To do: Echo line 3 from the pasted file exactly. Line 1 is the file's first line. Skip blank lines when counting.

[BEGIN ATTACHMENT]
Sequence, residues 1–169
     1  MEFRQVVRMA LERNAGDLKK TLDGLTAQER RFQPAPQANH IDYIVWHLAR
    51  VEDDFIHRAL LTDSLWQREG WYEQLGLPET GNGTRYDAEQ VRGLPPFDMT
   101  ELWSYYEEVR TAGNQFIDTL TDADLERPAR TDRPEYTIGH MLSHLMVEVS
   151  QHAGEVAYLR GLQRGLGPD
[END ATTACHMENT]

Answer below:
    51  VEDDFIHRAL LTDSLWQREG WYEQLGLPET GNGTRYDAEQ VRGLPPFDMT